Using Bayesian optimization for balancing metrics in recommendation systems

February 4, 2022

Co-authors: Yunbo Ouyang,Viral Gupta, Kinjal Basu, Cyrus Diciccio, Brendan Gavin, and Lin Guo.

Most large-scale recommender systems like newsfeed ranking, people recommendations, job recommendations, etc., have multiple objectives that need to be simultaneously optimized. These objectives may include things like user engagement, diversity, novelty, freshness, or fairness. These objectives can sometimes be conflicting, so there is a need to balance them. Multi-objective optimization (MOO) is used for many products at LinkedIn (such as the homepage feed) to help balance different behaviors in our ecosystem. As we’ve discussed previously, there are two main components to MOO: training models that predict the likelihood of a certain behavior occurring (like applying for a job), and optimization workflows to search for the optimal hyperparameters to balance the different possible objectives.

We’ve previously shared how we automate the tuning of parameters in our MOO machine learning model that recommends content on the newsfeed; in this blog post, we’ll focus on the generic optimization methodology and the unified platform we have built that enables onboarding new use cases easily. An example of a situation where we optimize for multiple objectives is the LinkedIn Notifications recommendation system, which notifies members about various activities within their network. The objective is to improve click-through-rate (CTR) and increase the number of sessions by keeping guardrail metrics like “disables” neutral. The CTR and sessions objectives can be conflicting, because sending more notifications to our members may increase the overall number of sessions, but can decrease CTR because the quality of the notification might drop. Separate models optimize for CTR and sessions, and then a linear combination of the output of those models is used to send notifications to members. 

Suppose we have n metrics m1, m2... mn and we built models M1, M2... Mn to optimize for each of them. The final model M is

Mx=M1 + x1*M2 + x2*M3 + xn-1*Mn

where x=(x1 ,x2 xn-1) is a tunable combination parameter vector used to balance different objectives. Different models Mx may form the Pareto Front, so that we cannot optimize one metric without hurting other metrics. 

To search for a suitable x, we identify one metric as the primary metric (e.g., m1) and other metrics as guardrail metrics. We conduct online A/B experimentation to launch the model Mx and collect metrics m1(x), m2(x)... mn(x) to find the solution of the following constrained optimization problem:

  • formula

c2,cn are threshold values, which are the metrics of the control model in the A/B experiment. Random search and grid search are often used to try different combinations of parameters x.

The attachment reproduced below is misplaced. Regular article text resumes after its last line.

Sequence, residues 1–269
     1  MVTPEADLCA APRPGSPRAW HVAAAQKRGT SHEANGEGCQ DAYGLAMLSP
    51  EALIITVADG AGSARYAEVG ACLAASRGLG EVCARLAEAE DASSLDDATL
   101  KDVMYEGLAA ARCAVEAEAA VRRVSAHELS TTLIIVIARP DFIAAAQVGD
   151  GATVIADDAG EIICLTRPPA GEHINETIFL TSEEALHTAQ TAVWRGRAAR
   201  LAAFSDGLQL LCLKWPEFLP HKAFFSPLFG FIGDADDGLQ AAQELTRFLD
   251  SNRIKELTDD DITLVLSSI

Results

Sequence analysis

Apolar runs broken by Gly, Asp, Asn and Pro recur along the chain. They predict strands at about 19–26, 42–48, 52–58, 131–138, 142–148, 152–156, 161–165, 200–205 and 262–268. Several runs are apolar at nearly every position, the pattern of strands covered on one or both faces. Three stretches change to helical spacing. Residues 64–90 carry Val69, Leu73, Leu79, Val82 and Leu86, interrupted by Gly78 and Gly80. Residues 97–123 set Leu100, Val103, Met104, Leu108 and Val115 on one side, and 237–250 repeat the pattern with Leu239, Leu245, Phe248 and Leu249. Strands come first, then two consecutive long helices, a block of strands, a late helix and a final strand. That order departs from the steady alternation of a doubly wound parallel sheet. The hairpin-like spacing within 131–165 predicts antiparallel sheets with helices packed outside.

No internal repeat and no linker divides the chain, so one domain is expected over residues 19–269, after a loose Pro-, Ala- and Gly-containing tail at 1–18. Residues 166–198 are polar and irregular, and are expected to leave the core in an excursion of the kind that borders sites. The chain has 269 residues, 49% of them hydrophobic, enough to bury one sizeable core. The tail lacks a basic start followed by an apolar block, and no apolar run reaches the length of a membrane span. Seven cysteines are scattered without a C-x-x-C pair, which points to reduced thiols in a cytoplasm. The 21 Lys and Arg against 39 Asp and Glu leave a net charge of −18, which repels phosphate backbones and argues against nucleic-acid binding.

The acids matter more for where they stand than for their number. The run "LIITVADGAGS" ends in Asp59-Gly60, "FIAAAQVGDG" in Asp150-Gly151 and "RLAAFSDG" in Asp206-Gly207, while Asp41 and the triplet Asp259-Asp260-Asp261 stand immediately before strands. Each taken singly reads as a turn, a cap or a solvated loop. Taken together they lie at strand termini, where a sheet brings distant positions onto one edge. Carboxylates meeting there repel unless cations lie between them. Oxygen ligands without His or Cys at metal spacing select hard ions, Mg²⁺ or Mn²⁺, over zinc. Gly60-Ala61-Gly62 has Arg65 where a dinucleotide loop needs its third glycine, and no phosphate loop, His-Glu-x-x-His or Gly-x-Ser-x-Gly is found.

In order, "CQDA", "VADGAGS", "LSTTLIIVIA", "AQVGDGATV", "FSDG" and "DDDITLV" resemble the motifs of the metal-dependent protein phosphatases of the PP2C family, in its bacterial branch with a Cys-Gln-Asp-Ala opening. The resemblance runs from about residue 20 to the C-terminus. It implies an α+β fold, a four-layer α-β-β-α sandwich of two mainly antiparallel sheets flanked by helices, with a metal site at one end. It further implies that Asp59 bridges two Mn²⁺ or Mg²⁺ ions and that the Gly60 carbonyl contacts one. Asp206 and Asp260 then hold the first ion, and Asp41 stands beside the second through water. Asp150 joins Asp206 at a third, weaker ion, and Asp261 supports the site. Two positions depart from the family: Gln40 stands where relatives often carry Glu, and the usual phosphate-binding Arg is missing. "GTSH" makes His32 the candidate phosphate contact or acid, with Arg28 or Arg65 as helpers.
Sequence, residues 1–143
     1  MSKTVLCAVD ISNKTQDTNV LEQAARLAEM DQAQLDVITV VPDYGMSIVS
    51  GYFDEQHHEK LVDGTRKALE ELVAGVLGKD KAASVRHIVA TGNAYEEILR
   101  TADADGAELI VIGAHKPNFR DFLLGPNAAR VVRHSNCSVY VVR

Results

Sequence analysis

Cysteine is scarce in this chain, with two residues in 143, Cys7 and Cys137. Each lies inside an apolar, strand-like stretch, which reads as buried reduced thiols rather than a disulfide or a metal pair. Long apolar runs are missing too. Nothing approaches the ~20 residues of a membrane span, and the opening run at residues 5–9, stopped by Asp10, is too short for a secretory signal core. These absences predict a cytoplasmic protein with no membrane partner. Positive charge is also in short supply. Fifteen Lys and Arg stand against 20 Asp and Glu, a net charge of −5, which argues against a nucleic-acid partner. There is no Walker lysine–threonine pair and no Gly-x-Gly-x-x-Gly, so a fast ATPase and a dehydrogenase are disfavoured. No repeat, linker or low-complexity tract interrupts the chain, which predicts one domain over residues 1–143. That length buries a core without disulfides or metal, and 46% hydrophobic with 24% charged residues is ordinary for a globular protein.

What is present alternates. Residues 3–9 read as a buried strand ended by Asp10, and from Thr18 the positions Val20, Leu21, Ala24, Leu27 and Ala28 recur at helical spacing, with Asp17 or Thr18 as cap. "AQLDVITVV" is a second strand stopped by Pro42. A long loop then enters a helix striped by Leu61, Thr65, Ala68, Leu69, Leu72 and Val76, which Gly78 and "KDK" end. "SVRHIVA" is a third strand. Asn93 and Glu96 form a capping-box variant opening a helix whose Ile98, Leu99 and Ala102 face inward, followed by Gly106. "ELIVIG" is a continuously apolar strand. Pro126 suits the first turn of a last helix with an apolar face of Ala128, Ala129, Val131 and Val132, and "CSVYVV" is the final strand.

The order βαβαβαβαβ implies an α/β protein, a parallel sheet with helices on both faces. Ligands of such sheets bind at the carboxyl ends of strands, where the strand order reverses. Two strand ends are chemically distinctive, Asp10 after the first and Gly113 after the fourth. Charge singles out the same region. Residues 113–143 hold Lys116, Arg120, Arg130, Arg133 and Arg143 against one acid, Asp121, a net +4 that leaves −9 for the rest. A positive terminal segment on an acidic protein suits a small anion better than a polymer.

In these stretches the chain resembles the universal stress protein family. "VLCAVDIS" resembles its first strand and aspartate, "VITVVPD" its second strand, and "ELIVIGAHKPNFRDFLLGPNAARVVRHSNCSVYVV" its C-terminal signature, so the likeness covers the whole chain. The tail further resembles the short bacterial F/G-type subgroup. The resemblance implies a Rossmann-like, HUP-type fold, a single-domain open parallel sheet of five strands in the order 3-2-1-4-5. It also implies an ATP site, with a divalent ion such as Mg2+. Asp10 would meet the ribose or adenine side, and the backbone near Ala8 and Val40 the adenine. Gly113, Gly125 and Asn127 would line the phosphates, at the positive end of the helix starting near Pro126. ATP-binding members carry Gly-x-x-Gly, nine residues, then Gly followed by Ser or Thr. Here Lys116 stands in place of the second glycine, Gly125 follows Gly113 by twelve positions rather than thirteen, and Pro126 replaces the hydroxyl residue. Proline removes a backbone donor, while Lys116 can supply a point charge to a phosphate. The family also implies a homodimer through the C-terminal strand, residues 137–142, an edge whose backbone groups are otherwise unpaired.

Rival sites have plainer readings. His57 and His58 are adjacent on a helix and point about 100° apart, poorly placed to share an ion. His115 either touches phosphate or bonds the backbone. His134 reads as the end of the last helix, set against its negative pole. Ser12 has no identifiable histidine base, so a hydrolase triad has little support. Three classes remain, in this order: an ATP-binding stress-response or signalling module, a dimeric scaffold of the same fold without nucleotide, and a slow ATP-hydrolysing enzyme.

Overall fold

Launching A/B tests in these situations can be complex because:

  1. A/B tests require a large sample size. In LinkedIn’s production environment, there are multiple A/B tests running concurrently. The sample size available to tune the combination parameters is limited. 

  2. A/B tests are not adaptive to the potential promising variants. We want to repurpose the traffic to more promising options on the fly, which reduces the risk of poor variants running for too long. This requires shifting traffic away from some of the variants that have poor metrics. However, traditional A/B tests cannot achieve this.

In addition, setting up A/B tests can also be time consuming. Manually configuring A/B tests and monitoring them is not the best use of engineers’ time. 

Bayesian optimization

To overcome these challenges, we apply Bayesian optimization to solve 

  • formula

Bayesian optimization is a sequential optimization strategy for optimizing expensive-to-evaluate, “opaque-box” functions; it sequentially searches for the optimal hyperparameters until convergence. It is an approach used to model objectives whose functional forms are unknown. In this approach, a surrogate is built for the objective function and the uncertainty in the objective function is quantified using Gaussian process regression. Bayesian optimization consists of two components:

  1. A function fitting method to produce posterior distributions of unknown functions;

  2. An acquisition function to suggest the next candidate. 

Online metrics m1(x), m2(x)... mn(x) are noisy and nonlinear. Gaussian processes are used to model the metrics. We apply the following hierarchical model to model the underlying mean fi(x) of the ith metric mi(x).

  • formula